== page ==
Editor’s Note: Time for action.
April 2008

I am in full agreement with what you wrote in the April 2008 edition of POB magazine. I have an Associate of Science degree in land surveying from the University of Arkansas at Fayetteville and have been a registered professional land surveyor in five states for over 20 years.

In 1984, the Associate of Science degree program at the Fayetteville, Ark., campus moved to UALR [University of Arkansas at Little Rock] and became a four-year degree program. Little Rock is approximately 220 miles from where I now live--Rogers, Arkansas. Needless to say, that is a little bit out of my driving range to be able to attend day classes. I would still like to further my education and graduate from a four-year degree program.

I have checked online, exhaustively, for such a program that I could complete online or with some in-class courses held at a local university or community college (we have a few in my area). But no one seems to know anything about it. I know one of the reasons for not having a course (like a four-year degree program) available in my area is economics, but there are many other reasons, and you mentioned several in your editorial.

My question (finally) to you is: Do you know of an institution or can you point me in the right direction toward an institution that offers a four-year degree program online?
S. Craig Davis, PLS
Arkansas


Editor’s Note:

Those interested in surveying/mapping/GIS programs will find our compilation of college and university program specifics useful. Click to our Web site at www.pobonline.com, then click on Product Surveys to see our 2008 College & University Survey spreadsheet.


I believe that many of those who responded to your “important industry issue” online are living in a fantasy world. It is still beyond my comprehension how licensed land surveyors can call themselves professionals without a Bachelor of Science degree! How can 6 percent more of the respondents prefer a two-year degree? How many professions are there in the United States that require no college? I have been asking myself these questions for more than 30 years. In a recent survey in California, the state society found that 74 percent of professional surveyors were not in favor of a four-year degree requirement for an LS license. And because of a shortage of land surveyors in California, Caltrans pays them the same as civil engineers! I do not understand why the question of education has been discussed for so many years. A minimum of a B.S. degree and three years of surveying experience should be required for a license. Perhaps more people would pass the land surveyor’s exam if they had a B.S. degree. Why is this issue still a political football?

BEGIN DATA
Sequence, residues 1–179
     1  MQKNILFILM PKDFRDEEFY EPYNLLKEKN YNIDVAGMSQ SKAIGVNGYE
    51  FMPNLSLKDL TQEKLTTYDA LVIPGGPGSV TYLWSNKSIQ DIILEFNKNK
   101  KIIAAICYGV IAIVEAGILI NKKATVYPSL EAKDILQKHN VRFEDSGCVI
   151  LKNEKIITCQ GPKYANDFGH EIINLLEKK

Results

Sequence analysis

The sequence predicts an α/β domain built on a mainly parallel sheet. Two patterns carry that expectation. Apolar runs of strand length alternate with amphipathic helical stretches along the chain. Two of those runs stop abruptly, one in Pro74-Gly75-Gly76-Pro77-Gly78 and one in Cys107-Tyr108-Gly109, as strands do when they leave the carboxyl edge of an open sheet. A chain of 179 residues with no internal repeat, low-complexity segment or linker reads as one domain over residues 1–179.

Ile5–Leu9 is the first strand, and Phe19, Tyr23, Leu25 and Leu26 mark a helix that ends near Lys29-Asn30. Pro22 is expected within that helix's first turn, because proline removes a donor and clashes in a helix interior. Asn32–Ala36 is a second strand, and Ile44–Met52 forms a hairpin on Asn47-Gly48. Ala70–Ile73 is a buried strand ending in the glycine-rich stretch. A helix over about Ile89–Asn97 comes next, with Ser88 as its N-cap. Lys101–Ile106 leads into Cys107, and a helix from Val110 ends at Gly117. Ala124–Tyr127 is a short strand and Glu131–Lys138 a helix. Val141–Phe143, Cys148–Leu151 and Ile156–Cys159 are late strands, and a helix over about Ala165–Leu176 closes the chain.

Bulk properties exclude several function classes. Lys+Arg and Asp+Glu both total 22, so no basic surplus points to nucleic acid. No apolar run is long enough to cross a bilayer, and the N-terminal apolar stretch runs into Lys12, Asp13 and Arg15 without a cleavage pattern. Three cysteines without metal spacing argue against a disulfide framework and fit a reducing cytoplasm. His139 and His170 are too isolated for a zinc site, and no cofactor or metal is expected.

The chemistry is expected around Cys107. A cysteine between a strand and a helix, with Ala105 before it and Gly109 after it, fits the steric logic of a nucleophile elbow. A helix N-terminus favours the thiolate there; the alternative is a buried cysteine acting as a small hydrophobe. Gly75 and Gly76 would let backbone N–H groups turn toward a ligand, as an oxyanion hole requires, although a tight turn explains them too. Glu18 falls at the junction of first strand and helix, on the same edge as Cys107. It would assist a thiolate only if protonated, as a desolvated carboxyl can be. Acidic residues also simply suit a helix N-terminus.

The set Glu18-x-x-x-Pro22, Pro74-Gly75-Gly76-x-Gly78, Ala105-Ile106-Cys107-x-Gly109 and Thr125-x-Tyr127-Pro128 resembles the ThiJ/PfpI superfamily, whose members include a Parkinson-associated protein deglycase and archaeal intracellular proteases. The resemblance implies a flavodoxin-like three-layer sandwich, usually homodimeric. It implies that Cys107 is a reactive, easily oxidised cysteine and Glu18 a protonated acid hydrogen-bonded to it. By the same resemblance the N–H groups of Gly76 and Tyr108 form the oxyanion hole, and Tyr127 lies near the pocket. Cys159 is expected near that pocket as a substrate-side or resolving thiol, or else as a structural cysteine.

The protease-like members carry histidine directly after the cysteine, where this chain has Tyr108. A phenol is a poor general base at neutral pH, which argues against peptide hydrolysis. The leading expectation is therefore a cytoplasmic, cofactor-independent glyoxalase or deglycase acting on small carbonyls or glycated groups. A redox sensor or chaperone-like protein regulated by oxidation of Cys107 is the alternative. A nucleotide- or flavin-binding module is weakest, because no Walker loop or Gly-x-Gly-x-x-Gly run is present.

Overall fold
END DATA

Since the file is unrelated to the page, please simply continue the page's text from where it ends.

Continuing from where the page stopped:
John K. Beck, PE, LS
California



I offer some personal/humble thoughts after reading your “Time for action” piece.

Most often when I read the two opinions regarding these issues, there is a nagging feeling that positions are being stated by eyes looking through a set of blinders. I admit to have led a sheltered life and do not claim to be familiar with all the jurisdictional requirements, [but] most familiar state licensure laws are fashioned after the NCEES Model Law for Surveying. Some folks say that model is in effect a three-legged stool supported by “Education, Experience and Examination.” I tend to agree. Some comments appear to perceive that a surveying graduate can be licensed after successfully passing the exam without any field, office or hands-on experience. I feel this is wrong. I am under the impression (again leading a somewhat sheltered life) [that] the experience requirement, though varying between jurisdictions, must be met before one can sit for the final “E” of the stool (Examination) in order to offer professional surveying services to the public. It has also been my experience that the public now demands, more than ever, that they deal with someone who is educated. It is our own fault (and a totally separate discussion) that we do not charge for our knowledge--”book knowledge” or “muddy boot knowledge.”

Surely the other professions that I may typically work with besides surveying require an apprenticeship (i.e., law, medical, engineering) in order to meet the definition of professional under their state laws. Am I missing something in the comments you have reported, or do a lot of folks get licensed by education and examination only? I think not!

During my other life dealing with the professional licensure organizations, there were folks that purported the professional stool was actually four-legged--the fourth “E” being Enforcement within the profession. I tend to agree. Those folks that build a one-legged stool (Experience only) or a two-legged stool (Experience and Education only) are often likely to be those that end up with no license and no stool based on the investigations and findings of the fourth leg. Food for thought!

I most strongly agree that it is a time for action! The profession is taking a dramatic change and needs cool and focused heads to provide leadership and vision. Surveyors up!
James R. Riney, PE, PS
Kentucky



The ideas and opinions expressed by our readers do not necessarily reflect those of POB. Send your thoughts to the editor at hohnerl@bnpmedia.